“Although the ‘Cholera Morbus’ is what we now call just cholera, the terms ‘Asiatic’, ‘spasmodic’, ‘malignant’, ‘contagious’ and ‘blue’ were also used to describe this new disease, generally thought to be a more serious form of the contagious cholera already well known. It was confused with, or thought to be the same as, ‘common’ or ‘English’ cholera, dysentery and food poisoning frequent in this country during the summer months. What actually caused the disease or how it was spread, was not understood until well after 1832 but it is now clear that the bacterium Vibrio comma, if drunk in water contaminated with infected sewage, causes a mild fever that usually gets better within a week. A poison produced by the bacterium however stimulates a profuse diarrhoea that may prove fatal if the vast quantities of water and salts lost are not replaced. Thus it is not a serious disease if treated correctly, but doctors in the 1830’s generally tried to restrict fluid intake, to prescribe emetics and purgatives, and even to bleed their patients, trying to ‘equalize the circulation’.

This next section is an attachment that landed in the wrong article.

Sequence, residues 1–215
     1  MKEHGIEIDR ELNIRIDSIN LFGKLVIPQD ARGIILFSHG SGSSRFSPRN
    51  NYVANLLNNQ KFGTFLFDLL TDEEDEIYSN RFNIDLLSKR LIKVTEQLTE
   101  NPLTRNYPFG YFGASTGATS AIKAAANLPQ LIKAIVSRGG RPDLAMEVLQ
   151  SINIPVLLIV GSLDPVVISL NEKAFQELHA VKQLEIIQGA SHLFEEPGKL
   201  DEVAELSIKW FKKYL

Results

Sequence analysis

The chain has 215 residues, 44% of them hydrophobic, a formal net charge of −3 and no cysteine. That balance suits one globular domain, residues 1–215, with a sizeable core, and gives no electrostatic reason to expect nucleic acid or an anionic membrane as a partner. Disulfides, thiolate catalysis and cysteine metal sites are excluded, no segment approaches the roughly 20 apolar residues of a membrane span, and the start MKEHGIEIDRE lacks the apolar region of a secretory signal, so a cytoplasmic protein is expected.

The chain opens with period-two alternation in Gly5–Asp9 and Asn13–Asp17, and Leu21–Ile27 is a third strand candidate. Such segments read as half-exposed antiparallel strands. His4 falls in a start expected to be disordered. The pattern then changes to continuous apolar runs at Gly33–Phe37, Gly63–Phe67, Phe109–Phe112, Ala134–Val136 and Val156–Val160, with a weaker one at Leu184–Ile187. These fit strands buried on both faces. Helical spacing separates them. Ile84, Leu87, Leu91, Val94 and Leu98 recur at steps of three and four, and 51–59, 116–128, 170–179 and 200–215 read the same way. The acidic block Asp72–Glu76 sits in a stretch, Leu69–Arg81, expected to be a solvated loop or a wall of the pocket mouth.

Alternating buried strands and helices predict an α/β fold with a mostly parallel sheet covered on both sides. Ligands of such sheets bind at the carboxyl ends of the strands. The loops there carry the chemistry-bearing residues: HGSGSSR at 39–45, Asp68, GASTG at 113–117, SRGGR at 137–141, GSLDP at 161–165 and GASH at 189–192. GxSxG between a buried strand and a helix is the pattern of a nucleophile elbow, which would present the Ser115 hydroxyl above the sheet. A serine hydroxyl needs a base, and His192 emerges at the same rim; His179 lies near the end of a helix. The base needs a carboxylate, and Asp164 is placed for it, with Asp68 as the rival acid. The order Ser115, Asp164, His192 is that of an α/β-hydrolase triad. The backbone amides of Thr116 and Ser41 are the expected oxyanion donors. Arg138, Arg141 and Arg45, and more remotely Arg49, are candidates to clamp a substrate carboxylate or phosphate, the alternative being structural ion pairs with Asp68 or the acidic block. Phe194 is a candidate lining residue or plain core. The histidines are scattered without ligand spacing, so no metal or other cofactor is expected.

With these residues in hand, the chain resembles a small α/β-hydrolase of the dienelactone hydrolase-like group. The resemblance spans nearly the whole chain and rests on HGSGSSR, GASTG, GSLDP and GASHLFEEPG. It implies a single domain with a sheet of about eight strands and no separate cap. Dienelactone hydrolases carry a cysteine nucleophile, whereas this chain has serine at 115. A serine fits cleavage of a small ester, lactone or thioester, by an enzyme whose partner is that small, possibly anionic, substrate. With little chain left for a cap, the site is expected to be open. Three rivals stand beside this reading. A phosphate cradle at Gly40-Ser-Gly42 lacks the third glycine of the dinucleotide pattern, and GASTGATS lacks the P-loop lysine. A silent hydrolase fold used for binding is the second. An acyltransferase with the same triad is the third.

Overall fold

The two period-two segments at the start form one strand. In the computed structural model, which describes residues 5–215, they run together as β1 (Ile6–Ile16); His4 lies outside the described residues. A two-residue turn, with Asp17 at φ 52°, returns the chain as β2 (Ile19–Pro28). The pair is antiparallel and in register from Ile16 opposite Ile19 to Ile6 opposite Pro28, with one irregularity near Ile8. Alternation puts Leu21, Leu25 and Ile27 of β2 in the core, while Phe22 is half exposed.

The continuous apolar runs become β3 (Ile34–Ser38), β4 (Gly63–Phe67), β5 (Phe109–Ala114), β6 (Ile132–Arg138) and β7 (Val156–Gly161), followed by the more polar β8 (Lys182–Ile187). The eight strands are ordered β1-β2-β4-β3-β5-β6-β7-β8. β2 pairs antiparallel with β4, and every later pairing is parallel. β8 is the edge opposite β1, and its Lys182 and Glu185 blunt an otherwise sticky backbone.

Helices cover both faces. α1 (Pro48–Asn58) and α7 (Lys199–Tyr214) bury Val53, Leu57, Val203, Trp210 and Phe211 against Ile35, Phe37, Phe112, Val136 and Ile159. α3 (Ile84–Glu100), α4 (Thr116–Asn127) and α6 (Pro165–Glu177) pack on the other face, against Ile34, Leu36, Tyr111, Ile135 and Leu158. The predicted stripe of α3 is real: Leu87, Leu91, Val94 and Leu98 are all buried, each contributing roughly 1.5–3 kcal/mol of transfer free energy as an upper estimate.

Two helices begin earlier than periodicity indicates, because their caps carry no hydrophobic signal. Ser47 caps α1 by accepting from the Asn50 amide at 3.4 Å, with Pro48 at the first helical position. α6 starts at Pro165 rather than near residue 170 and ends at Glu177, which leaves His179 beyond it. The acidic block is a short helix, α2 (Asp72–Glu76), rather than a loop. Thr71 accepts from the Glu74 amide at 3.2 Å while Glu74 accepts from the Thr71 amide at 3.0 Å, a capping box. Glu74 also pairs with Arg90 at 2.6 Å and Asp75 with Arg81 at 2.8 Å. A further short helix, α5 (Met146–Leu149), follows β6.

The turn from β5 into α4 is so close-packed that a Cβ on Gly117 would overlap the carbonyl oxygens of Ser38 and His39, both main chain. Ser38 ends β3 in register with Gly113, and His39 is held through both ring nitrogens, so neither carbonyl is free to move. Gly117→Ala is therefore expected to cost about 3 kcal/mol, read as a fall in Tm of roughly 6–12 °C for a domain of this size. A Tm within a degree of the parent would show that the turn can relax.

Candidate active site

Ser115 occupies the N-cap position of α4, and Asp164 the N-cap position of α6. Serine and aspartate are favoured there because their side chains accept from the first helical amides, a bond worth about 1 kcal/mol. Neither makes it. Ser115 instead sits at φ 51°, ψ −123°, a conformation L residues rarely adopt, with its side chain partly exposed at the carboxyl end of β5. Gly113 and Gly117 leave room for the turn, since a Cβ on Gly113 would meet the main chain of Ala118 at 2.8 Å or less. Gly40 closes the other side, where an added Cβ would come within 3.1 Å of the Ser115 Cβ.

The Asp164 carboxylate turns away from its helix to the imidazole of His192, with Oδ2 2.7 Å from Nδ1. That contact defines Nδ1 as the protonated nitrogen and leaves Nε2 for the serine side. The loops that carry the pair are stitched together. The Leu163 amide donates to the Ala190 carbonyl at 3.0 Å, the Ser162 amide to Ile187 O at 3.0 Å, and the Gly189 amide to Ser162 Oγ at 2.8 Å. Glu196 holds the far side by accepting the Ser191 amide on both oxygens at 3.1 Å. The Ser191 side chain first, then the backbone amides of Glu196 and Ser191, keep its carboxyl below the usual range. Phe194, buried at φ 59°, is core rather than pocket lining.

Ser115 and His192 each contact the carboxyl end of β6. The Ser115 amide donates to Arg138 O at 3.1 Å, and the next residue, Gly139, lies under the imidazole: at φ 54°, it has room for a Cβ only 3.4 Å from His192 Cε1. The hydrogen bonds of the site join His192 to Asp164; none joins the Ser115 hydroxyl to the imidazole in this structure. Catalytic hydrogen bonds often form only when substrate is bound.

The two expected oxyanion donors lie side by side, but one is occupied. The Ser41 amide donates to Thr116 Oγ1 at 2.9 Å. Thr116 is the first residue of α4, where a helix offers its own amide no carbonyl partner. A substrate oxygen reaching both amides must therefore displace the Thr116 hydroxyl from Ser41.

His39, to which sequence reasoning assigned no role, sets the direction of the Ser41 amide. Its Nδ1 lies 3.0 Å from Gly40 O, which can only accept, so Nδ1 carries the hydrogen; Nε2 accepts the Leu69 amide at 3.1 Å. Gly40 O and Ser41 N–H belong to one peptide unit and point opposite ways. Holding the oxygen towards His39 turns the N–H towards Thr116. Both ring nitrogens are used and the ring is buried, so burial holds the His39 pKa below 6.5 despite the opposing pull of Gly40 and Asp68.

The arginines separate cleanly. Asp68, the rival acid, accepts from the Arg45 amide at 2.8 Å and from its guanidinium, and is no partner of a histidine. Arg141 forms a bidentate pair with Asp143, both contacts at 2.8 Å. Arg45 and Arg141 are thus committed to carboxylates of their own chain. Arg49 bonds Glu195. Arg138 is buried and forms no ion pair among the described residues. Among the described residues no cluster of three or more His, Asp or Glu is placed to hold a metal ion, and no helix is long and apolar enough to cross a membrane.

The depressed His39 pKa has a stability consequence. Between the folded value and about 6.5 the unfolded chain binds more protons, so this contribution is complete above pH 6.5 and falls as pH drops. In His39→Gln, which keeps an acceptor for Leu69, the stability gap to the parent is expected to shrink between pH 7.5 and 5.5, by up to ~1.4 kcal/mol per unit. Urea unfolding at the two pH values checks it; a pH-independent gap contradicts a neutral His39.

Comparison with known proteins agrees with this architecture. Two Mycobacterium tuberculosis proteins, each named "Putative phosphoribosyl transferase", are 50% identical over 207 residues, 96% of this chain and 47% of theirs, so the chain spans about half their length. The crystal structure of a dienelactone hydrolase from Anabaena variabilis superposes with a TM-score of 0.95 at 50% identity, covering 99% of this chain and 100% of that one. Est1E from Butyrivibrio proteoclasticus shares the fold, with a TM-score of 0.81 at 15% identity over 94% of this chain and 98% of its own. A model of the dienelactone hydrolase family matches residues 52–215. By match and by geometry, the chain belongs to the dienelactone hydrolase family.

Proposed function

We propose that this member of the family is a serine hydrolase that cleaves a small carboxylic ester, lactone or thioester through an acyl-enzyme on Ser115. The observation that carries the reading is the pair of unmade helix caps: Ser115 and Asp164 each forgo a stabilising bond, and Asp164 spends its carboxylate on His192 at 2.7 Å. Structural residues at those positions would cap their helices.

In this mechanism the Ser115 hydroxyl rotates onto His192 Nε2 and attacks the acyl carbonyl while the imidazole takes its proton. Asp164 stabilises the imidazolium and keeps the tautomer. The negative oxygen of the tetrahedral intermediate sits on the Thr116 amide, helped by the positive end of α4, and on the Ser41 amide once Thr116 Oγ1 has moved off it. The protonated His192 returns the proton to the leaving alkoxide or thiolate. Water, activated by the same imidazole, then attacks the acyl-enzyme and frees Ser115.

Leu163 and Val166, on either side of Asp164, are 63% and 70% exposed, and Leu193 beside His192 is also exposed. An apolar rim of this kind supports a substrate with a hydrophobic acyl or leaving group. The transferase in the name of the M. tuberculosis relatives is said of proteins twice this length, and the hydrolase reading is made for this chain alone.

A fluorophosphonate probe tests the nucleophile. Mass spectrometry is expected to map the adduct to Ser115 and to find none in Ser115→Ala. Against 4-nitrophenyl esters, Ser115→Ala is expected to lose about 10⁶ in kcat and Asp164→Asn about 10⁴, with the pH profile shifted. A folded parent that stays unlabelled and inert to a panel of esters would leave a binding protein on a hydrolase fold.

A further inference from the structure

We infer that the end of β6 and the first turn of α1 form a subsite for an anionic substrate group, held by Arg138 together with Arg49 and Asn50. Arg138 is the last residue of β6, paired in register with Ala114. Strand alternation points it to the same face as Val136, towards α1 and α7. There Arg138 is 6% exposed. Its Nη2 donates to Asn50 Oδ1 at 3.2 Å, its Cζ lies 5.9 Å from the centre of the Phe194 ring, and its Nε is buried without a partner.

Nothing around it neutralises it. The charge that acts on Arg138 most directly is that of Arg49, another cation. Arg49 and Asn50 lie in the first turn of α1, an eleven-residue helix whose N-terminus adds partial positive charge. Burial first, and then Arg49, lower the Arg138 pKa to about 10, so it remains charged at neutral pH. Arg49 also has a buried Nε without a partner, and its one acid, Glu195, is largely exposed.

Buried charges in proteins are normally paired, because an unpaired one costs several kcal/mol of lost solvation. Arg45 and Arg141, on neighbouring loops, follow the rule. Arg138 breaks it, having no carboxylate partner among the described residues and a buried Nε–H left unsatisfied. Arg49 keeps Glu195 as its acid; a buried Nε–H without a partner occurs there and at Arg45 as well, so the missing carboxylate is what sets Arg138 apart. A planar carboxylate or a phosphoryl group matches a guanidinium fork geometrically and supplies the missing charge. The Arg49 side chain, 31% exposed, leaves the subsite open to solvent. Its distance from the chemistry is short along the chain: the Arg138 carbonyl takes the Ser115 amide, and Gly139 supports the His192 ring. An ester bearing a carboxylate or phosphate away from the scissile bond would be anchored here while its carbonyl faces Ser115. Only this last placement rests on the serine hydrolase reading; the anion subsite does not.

“The disease was first noticed among British troops in India, and vivid accounts appeared in the press of the effects of cholera in St. Petersburg, Russia. This first hand knowledge of the disease, and reports of the mortality it could cause in large cities, led the Privy Council to put all ships for Russia arriving in England under quarantine in January 1831. The Privy Council had set up a Central Board of Health in 1805, after concern about yellow fever arriving in Britain. This was reconstituted, and met daily from June 1831 to May 1832. It issued circulars and gave advice to parochial Vestry Committees, who were responsible for the precautionary measures taken within their own parishes.” (Mernick THHOL)